Cannabis in Nevada became legal for recreational use effective January 1, 2017, having been legalized by ballot initiative in 2016. Medical marijuana use was legalized by ballot initiative in 2000, and has been available to licensed individuals in the state since shortly after that date. Nevada also licenses growers and distributors, and citizens of Nevada are banned from growing their own cannabis unless they live more than 25 miles from a licensed dispensary.
- 1 Prohibition (1923)
- 2 Medical use
- 3 Recreational use
- 4 Penalties
- 5 See also
- 6 References
Nevada first banned cannabis in 1923, during a nationwide trend of states limiting the drug between 1911-1933. 
In 1998, Nevada voters approved the Nevada Medical Marijuana Act (Question 9) with 59% of the vote.  It was approved again in 2000 with 65% of the vote.  Because the initiative was a constitutional amendment it required approval in consecutive elections in order to become law. 
Medical use was officially legalized with the June 2001 passage of Assembly Bill 453, which took effect on October 1. 
Assembly Bill 453 – which legalized medical use of cannabis in Nevada – also contained a provision to make possession of up to one ounce a fine-only misdemeanor for first and second-time offenders. No criminal record would be imposed until a third offense. 
Prior to the passage of AB 453, Nevada was the only state in the U.S. for which possessing any amount of cannabis was a felony offense. 
In 2002, the Decriminalization of Marijuana Amendment (Question 9) was put on the ballot as a proposal to legalize and regulate the recreational use of cannabis in Nevada – but it was soundly defeated by a 39–61 margin.   Drug czar John P. Walters traveled to Nevada twice to campaign against the initiative. 
In 2006, the Regulation of Marijuana Initiative (Question 7) was voted on by Nevada citizens. It unsuccessfully sought to amend the Nevada Revised Statutes to allow for up to one ounce of marijuana to be purchased by individuals 21 years of age or older in a regulated, controlled, and state-taxed system. The measure was defeated 56% against and 44% for. 
In 2016, the Initiative to Regulate and Tax Marijuana (Question 2) was put before Nevada voters.  The measure, which appeared on the November 8, 2016 ballot, sought to legalize possession of up to one ounce of cannabis for adults over the age of 21.   The initiative did not include provisions for regulation beyond taxation, such as licensing retailers. 
Question 2 was opposed heavily by casino magnate Sheldon Adelson, who poured $3.35 million into the campaign to defeat it.  Adelson also purchased the Las Vegas Review-Journal in December 2015, after which the editorial board reversed its earlier endorsement of the initiative.  Prior to the flip-flop, the Review-Journal supported legalization as far back as 2002 when it endorsed Question 9.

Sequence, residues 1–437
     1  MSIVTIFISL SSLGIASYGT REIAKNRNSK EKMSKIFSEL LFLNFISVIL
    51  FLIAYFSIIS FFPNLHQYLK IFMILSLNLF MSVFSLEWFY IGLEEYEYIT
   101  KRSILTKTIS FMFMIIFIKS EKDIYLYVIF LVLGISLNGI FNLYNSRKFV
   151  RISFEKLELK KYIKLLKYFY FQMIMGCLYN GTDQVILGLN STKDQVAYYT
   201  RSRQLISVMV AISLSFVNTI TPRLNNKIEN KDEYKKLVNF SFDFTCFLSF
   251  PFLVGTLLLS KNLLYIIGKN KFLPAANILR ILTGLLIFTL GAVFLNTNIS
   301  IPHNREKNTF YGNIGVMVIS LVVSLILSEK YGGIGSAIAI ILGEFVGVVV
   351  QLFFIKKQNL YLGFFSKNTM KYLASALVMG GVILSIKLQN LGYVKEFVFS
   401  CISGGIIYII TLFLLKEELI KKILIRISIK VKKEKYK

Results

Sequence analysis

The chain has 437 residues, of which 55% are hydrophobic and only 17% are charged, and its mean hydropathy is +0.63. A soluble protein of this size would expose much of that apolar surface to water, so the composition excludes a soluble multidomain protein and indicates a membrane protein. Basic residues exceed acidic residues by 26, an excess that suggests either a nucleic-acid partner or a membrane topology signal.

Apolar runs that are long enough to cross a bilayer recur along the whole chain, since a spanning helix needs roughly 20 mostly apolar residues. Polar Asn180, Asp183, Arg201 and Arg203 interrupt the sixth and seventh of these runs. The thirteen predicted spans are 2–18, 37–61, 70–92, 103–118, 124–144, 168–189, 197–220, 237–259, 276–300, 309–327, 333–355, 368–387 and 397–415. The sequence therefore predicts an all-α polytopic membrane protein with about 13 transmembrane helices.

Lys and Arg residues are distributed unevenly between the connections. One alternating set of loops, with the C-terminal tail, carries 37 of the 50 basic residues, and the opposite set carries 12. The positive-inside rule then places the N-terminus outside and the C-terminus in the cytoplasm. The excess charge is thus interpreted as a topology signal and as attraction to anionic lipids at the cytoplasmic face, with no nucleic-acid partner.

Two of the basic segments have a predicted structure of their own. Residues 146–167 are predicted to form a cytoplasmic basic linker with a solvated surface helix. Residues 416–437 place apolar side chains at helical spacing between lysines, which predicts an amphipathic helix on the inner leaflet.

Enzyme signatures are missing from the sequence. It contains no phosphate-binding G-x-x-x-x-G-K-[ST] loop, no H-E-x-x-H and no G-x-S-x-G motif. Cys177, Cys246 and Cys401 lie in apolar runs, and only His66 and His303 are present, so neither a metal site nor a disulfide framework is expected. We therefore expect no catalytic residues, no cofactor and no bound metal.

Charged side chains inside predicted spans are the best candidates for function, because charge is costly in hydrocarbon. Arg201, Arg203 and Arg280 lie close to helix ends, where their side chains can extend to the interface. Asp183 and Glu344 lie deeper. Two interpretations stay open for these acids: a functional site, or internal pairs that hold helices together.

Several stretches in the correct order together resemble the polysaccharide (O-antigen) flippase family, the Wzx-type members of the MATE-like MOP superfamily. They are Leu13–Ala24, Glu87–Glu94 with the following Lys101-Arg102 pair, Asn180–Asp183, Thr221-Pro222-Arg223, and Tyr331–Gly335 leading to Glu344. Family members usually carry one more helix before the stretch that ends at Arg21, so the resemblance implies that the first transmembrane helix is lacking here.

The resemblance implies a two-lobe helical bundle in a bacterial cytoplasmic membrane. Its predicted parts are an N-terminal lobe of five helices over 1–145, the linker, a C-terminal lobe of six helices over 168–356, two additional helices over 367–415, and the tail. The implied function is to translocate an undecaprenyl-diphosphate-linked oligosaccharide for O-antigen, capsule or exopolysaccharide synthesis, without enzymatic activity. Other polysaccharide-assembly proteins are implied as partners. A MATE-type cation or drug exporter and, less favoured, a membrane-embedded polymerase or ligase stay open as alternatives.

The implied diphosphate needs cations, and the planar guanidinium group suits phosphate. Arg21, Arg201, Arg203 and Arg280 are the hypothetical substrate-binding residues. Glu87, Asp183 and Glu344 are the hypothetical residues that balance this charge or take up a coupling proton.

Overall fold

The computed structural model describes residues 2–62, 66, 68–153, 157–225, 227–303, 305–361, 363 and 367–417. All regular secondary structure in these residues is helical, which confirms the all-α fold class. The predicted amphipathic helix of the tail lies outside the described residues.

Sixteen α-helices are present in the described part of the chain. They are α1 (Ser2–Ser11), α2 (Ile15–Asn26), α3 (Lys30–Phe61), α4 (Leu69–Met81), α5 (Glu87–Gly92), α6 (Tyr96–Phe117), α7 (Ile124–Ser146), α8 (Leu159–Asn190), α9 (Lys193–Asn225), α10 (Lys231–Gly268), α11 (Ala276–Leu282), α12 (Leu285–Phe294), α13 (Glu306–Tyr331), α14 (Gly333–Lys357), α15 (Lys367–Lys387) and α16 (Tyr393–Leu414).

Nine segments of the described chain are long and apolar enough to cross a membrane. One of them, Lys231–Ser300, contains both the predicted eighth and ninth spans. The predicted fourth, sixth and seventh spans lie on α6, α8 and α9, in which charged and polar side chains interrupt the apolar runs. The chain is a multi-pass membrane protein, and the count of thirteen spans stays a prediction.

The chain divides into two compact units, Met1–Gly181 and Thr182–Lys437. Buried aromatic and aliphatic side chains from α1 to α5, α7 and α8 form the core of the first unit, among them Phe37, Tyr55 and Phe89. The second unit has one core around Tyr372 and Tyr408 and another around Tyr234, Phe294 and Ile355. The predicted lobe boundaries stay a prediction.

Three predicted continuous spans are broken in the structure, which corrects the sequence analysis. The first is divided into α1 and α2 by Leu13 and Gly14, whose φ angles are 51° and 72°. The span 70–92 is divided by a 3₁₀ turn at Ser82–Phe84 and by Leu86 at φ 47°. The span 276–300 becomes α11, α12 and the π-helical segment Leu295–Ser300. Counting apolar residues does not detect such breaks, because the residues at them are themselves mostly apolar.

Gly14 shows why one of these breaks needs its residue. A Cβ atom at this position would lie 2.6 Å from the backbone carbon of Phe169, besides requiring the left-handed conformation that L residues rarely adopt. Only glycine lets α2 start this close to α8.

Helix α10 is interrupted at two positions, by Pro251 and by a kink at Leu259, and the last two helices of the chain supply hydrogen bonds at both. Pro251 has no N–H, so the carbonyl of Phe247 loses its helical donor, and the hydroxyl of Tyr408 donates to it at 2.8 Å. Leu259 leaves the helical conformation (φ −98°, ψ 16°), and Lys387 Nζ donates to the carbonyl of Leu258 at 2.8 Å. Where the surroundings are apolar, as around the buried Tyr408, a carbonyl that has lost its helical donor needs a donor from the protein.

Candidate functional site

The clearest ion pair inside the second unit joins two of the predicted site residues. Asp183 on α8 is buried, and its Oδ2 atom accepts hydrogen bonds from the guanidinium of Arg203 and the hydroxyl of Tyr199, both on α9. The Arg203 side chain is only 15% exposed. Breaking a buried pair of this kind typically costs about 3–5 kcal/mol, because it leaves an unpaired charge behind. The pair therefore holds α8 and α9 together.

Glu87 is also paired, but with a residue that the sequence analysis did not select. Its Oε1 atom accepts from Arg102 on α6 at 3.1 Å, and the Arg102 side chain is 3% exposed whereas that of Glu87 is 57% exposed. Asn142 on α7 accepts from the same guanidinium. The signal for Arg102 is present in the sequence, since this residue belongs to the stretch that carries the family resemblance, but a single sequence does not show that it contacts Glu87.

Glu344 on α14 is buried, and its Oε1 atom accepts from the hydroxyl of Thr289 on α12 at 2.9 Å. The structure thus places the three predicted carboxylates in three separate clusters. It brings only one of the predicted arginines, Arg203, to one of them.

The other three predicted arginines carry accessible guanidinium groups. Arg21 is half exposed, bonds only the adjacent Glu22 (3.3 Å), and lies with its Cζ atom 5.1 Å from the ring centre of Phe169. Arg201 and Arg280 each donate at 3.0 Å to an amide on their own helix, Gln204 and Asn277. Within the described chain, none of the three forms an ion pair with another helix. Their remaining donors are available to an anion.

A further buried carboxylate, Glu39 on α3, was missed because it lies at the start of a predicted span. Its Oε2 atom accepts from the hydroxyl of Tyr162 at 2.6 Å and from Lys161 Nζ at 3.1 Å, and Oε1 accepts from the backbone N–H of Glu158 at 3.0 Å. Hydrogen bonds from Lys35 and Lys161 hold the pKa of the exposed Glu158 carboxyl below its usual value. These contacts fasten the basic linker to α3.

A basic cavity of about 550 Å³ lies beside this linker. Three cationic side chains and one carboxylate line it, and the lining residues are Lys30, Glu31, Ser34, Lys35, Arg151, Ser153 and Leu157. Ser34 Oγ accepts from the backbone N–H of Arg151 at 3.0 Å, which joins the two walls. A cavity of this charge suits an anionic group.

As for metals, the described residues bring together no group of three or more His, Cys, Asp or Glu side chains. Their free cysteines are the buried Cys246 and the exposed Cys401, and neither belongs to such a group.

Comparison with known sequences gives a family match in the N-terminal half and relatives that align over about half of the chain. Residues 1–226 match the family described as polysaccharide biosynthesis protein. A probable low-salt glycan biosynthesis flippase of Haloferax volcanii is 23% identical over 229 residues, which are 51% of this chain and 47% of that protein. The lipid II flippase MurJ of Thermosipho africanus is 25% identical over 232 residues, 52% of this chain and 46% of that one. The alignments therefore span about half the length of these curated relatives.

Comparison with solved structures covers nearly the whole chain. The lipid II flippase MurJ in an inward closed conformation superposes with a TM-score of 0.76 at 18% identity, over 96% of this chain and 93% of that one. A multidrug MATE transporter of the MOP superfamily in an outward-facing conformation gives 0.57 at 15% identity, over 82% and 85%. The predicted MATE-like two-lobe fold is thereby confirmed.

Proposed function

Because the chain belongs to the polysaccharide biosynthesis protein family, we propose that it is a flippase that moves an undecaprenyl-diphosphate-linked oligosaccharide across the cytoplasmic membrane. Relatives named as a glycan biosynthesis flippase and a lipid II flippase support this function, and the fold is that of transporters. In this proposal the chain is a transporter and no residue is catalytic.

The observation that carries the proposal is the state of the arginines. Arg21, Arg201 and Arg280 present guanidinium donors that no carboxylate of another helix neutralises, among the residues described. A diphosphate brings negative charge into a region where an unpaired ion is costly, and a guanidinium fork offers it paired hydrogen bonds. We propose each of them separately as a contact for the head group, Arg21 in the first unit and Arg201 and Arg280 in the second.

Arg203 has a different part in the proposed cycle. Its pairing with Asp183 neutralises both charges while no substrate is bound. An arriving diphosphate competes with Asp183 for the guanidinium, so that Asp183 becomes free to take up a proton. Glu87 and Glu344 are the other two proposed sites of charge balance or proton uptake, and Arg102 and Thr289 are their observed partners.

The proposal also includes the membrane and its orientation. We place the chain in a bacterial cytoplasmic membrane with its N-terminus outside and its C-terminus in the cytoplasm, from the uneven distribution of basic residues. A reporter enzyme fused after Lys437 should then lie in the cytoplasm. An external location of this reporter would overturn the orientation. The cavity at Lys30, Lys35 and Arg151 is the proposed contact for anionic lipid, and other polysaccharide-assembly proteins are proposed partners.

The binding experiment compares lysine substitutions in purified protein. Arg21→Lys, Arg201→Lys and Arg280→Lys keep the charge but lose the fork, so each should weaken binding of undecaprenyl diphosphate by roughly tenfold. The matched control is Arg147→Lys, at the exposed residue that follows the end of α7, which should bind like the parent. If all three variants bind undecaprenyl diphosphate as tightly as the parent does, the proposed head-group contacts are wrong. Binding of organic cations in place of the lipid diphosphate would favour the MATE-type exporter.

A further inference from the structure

Driving a vehicle under the influence of cannabis (even for approved medical use) is illegal and depending on the kind of offence one will be penalized. The offender will be penalized with $400 fine, 2 days in jail, 48 – 96 hours of community service to $5000 fine and 1 – 6 years in prison depending on the first, second and third offence. 
- Richard Davenport-Hines (29 November 2012). The Pursuit of Oblivion: A Social History of Drugs. Orion Publishing Group. pp. 126–. ISBN 978-1-78022-542-5.
- "Nevada Medical Marijuana Act, Question 9 (1998)". Ballotpedia. Retrieved February 8, 2017.
- "Nevada Medical Marijuana Act, Question 9 (2000)". Ballotpedia. Retrieved February 8, 2017.
- "Medical Marijuana Initiatives Pass In Colorado and Nevada; Californians Pass Initiative To Keep Non-Violent Drug Offenders Out Of Jail". NORML. November 9, 2000. Retrieved June 2, 2017.
- "Nevada Defelonizes Pot Possession -- State Eliminates Jail, Criminal Record for Minor Offenders; Legalizes Medical Marijuana for Seriously Ill". NORML. June 7, 2001. Retrieved November 13, 2018.
- Rudolph Joseph Gerber (2004). Legalizing Marijuana: Drug Policy Reform and Prohibition Politics. Greenwood Publishing Group. pp. 117–. ISBN 978-0-275-97448-0.
- "Nevada Decriminalization of Marijuana Amendment, Question 9 (2002)". Ballotpedia. Retrieved November 13, 2018.
- "Drug czar stumps against Nevada's marijuana question". Las Vegas Sun. October 10, 2002. Retrieved November 13, 2018.
- "Ballot Questions: Marijuana Legalization Fails in Colorado, Nevada; Ohio Passes Comprehensive Smoking Ban". Partnership for Drug-Free Kids. 8 November 2006. Retrieved 1 March 2015.
- Initiative to Regulate and Tax Marijuana, Nevada Secretary of State, April 23, 2014, archived from the original on 2016-08-17, retrieved 2016-05-23
- "Expert to speak on marijuana legalization in Fernley", Reno Gazette-Journal, May 20, 2016
- Ken Ritter (March 16, 2015), Nevada marijuana legalization gets official OK for 2016 ballot, Associated Press – via The Cannabist
- Joe Schoenmann (April 15, 2016), After November, What's Next For Recreational Marijuana In Nevada?, Nevada Public Radio/ KNPR
- Savchuk, Katia (November 9, 2016). "Billionaire Sean Parker Wins, Sheldon Adelson Loses On Marijuana Ballot Measures". Forbes. Retrieved November 13, 2018.
- Sullum, Jacob (June 13, 2016). "The Anti-Pot Editorial That Cost $140 Million". Reason. Retrieved November 13, 2018.
- Law & Order (2016-11-09). "Several states just legalized recreational marijuana". Business Insider. Retrieved 2016-12-06.
- Question 2 Passed in Nevada. Now what?, Henderson, Nevada: Connor & Connor PLLC, November 11, 2016
- Colton Lochhead (November 9, 2016), "What you should know about Nevada's new marijuana law", Las Vegas Review-Journal
- Robinson, Melia (July 1, 2017). "You can now buy legal marijuana in Nevada". Business Insider. Retrieved November 14, 2018.
- steven (2016-05-12). "What Should You Know About DUI and Medical Marijuana in Nevada?". Essence Cannabis Dispensary. Retrieved 2019-01-02.